When housing estates in Deptford, south east London, were regenerated under the latter scheme a handful of individual blocks were demolished in order to make gaps in housing estates in which private housing could be built. These programmes typically sought to reduce housing density, seen as a source of social strife, and fit as much privately built and owned housing as it could into the existing fabric of estates.
According to Cameron, however, these previous attempts to regenerate Britain’s housing estates have failed, leaving him with no option other than “knocking them down and starting again.” As Thatcherite economics struggles to return profits to investors in a turbulent global economy, Thatcher’s housing policies are turbo-charged in an attempt to save developers and investors from George Osborne’s ‘toxic cocktail’.
The second trend is architectural.
Over the course of the 1950s and 1960s Britain’s councils embarked on one of the most ambitious building programmes in history. Cities were transformed as slums were torn down and modern housing estates were built in their place. Everywhere you looked you would see the signs of rebuilding – the legacy of the welfare state, of a properly built council-owned home for every citizen who wanted one, was unavoidable and ubiquitous.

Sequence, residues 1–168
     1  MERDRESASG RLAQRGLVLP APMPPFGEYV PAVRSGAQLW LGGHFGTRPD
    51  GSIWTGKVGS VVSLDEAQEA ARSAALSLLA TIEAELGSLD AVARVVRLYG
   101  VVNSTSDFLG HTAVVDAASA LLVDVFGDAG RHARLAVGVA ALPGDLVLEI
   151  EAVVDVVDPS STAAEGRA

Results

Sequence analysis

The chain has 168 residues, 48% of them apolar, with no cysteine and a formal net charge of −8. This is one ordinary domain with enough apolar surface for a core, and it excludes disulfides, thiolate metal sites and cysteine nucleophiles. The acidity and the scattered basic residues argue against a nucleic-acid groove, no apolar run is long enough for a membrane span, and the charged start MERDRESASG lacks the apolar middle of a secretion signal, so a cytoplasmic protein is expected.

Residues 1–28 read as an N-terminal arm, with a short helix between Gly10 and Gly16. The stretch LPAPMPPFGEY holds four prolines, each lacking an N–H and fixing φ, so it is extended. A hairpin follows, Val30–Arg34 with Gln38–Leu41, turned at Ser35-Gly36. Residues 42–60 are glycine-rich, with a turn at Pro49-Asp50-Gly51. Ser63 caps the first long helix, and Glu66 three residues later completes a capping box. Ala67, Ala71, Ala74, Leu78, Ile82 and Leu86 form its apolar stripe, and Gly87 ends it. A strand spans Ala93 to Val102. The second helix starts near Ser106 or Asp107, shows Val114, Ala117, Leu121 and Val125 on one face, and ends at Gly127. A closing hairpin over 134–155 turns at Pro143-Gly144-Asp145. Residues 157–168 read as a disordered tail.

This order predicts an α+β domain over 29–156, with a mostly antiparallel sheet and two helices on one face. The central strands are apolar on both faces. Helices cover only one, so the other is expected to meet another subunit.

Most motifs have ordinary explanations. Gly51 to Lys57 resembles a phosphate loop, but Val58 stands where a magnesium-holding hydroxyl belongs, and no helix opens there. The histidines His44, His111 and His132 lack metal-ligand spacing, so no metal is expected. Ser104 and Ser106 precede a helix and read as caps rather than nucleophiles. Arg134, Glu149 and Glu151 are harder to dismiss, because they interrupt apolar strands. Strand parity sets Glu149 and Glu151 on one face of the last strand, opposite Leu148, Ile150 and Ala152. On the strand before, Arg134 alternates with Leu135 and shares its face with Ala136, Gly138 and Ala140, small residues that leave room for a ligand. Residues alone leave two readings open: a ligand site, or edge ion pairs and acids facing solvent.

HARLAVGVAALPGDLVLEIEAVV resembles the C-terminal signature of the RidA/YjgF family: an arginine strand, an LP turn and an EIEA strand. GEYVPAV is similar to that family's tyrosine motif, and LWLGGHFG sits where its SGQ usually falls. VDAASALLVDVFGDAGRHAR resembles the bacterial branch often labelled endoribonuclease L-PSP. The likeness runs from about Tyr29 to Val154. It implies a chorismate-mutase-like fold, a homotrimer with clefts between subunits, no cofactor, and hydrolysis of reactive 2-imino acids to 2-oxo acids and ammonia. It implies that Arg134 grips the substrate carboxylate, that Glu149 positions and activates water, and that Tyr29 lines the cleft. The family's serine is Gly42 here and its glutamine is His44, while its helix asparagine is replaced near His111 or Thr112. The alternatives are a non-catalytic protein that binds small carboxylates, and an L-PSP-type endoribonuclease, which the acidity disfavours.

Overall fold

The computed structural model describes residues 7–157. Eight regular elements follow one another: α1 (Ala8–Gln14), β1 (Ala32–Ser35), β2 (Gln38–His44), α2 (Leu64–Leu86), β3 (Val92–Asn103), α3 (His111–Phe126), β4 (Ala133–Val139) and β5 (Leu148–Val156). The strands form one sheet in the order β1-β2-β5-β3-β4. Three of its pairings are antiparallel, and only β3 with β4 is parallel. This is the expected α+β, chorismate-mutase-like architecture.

Today it is embarrassing that such estates are so easy to spot, when the unavoidable necessity of austerity politics and difficult choices is trumpeted from the rooftops by the BBC and tax exile-owned newspapers alike. The widespread survival of large, spacious, well-built housing estates presents a fundamental threat to attempts to convince poor people that there is no alternative to the scraps they’re being offered.
As the welfare state has been gradually unmade by Thatcher and her children, these estates have remained as monuments to what had seemed possible only a few years previously. The historian Patrick Wright described high rises, dotting the landscape in every direction from London’s famous hilltop viewpoints, as the welfare state’s tombstones.